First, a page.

ACT II. SCENE 1. Paris. A room in the King's palace.
[Flourish. Enter the King, with young LORDS taking leave for the
Florentine war; BERTRAM, PAROLLES, and Attendants.]
Farewell, young lord; these war-like principles
Do not throw from you: — and you, my lord, farewell; —
Share the advice betwixt you; if both gain all,
The gift doth stretch itself as 'tis received,
And is enough for both.
It is our hope, sir,
After well-enter'd soldiers, to return
And find your grace in health.
No, no, it cannot be; and yet my heart
Will not confess he owes the malady
That doth my life besiege. Farewell, young lords;
Whether I live or die, be you the sons
Of worthy Frenchmen; let higher Italy, —
Those bated that inherit but the fall
Of the last monarchy, — see that you come
Not to woo honour, but to wed it; when
The bravest questant shrinks, find what you seek,
That fame may cry you aloud: I say farewell.
Health, at your bidding, serve your majesty!
Those girls of Italy, take heed of them;
They say our French lack language to deny,
If they demand: beware of being captives
Before you serve.
Our hearts receive your warnings.
Farewell. — Come hither to me.
[The king retires to a couch.]
O my sweet lord, that you will stay behind us!
'Tis not his fault; the spark —
O, 'tis brave wars!
Most admirable: I have seen those wars.
I am commanded here and kept a coil with,
'Too young' and next year' and ''tis too early.'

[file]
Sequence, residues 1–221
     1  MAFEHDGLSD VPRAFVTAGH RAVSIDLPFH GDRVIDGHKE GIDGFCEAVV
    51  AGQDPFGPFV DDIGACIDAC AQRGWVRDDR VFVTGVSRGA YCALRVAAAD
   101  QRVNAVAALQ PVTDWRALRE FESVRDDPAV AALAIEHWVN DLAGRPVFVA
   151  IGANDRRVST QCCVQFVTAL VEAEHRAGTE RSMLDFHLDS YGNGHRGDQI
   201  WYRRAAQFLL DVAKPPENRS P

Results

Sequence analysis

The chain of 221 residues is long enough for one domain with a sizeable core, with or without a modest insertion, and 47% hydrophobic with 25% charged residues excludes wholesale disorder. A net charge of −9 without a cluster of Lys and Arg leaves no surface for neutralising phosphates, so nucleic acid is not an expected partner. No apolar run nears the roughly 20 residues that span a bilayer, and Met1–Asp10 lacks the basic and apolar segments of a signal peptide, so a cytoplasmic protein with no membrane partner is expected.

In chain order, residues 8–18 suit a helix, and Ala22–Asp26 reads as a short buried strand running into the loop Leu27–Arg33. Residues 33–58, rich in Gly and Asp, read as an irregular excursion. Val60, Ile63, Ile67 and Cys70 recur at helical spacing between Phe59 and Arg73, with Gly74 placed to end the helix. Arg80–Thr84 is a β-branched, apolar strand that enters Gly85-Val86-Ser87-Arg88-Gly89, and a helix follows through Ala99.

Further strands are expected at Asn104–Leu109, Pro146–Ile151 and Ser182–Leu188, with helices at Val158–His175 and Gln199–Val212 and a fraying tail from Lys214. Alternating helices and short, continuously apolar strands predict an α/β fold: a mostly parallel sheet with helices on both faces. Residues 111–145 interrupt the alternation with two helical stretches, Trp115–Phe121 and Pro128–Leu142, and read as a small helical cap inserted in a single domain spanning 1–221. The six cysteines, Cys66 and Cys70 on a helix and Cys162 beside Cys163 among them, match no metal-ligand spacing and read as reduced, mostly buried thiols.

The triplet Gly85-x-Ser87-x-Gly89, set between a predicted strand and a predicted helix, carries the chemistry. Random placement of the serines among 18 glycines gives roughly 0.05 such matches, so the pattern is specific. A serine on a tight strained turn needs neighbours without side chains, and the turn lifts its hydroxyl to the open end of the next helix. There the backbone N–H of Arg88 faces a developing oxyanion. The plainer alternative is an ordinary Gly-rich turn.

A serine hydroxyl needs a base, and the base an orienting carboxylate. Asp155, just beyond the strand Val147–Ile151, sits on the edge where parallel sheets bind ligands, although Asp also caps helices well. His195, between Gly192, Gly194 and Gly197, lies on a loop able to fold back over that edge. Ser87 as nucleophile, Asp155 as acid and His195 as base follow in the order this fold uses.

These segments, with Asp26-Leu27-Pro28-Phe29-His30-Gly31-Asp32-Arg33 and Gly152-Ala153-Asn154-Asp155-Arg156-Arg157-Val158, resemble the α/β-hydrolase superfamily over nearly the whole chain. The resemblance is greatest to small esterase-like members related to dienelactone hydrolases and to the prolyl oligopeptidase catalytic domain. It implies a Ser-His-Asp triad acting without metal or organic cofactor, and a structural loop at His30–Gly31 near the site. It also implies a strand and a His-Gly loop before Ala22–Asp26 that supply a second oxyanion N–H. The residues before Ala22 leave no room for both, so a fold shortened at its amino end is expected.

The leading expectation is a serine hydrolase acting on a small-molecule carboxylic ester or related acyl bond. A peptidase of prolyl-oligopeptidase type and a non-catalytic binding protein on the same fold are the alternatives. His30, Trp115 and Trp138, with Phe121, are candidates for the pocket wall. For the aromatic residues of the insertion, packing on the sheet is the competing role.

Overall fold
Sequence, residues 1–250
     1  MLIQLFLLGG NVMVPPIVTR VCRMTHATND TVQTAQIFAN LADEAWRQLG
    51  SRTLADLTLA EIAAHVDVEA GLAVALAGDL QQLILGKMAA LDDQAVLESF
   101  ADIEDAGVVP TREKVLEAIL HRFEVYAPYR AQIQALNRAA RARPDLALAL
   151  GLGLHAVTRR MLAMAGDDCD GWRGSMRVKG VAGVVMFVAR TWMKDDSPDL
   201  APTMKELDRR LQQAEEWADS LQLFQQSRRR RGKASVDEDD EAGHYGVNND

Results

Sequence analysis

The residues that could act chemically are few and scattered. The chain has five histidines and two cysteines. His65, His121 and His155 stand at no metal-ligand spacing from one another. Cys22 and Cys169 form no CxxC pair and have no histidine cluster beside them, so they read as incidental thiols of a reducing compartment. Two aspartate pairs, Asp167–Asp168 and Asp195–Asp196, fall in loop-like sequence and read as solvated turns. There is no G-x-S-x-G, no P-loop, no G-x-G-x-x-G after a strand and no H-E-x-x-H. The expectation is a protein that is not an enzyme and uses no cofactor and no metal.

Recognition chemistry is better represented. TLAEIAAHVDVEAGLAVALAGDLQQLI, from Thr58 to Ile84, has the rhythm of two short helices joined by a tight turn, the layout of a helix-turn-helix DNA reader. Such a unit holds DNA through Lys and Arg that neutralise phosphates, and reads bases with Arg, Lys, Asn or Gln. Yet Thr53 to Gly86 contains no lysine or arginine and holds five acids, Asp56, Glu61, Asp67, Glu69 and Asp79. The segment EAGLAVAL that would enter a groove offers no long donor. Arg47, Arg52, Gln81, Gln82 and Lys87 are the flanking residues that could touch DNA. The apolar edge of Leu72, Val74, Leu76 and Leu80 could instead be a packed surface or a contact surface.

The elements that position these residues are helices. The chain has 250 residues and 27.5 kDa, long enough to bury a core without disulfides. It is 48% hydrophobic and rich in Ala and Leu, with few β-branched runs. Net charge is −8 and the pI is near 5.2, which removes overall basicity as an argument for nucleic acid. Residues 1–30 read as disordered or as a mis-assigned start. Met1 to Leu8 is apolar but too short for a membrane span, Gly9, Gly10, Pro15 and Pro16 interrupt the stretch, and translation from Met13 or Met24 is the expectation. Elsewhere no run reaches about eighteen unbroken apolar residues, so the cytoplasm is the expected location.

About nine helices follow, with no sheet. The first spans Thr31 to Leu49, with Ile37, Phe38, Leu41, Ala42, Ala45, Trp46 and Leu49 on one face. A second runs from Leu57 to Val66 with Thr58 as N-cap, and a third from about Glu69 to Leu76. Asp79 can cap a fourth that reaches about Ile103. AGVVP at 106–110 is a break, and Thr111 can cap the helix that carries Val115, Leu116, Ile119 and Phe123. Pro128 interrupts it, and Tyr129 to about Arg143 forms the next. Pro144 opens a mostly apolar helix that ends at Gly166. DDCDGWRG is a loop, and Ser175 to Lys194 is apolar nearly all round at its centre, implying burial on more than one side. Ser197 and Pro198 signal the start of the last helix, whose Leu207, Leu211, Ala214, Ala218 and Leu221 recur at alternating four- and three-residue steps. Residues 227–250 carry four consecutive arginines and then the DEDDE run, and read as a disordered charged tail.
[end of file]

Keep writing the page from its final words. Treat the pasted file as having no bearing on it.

An thy mind stand to it, boy, steal away bravely.
I shall stay here the forehorse to a smock,
Creaking my shoes on the plain masonry,
Till honour be bought up, and no sword worn
But one to dance with! By heaven, I'll steal away.
There's honour in the theft.
Commit it, count.
I am your accessary; and so farewell.
I grow to you, and our parting is a tortured body.
Sweet Monsieur Parolles!
Noble heroes, my sword and yours are kin. Good sparks and
lustrous, a word, good metals. — You shall find in the regiment of
the Spinii one Captain Spurio, with his cicatrice, an emblem of
war, here on his sinister cheek; it was this very sword
entrenched it: say to him I live; and observe his reports for me.
We shall, noble captain.
Mars dote on you for his novices!
What will ye do?
Stay; the king —
Use a more spacious ceremony to the noble lords; you have
restrained yourself within the list of too cold an adieu: be more
expressive to them; for they wear themselves in the cap of the
time; there do muster true gait; eat, speak, and move, under the
influence of the most received star; and though the devil lead
the measure, such are to be followed: after them, and take a more
And I will do so.
Worthy fellows; and like to prove most sinewy sword-men.
[Exeunt BERTRAM and PAROLLES.]
Pardon, my lord [kneeling], for me and for my tidings.
I'll fee thee to stand up.
Then here's a man stands that has bought his pardon.
I would you had kneel'd, my lord, to ask me mercy;
And that at my bidding you could so stand up.
I would I had; so I had broke thy pate,
And ask'd thee mercy for't.
Good faith, across;
But, my good lord, 'tis thus: will you be cured
Of your infirmity?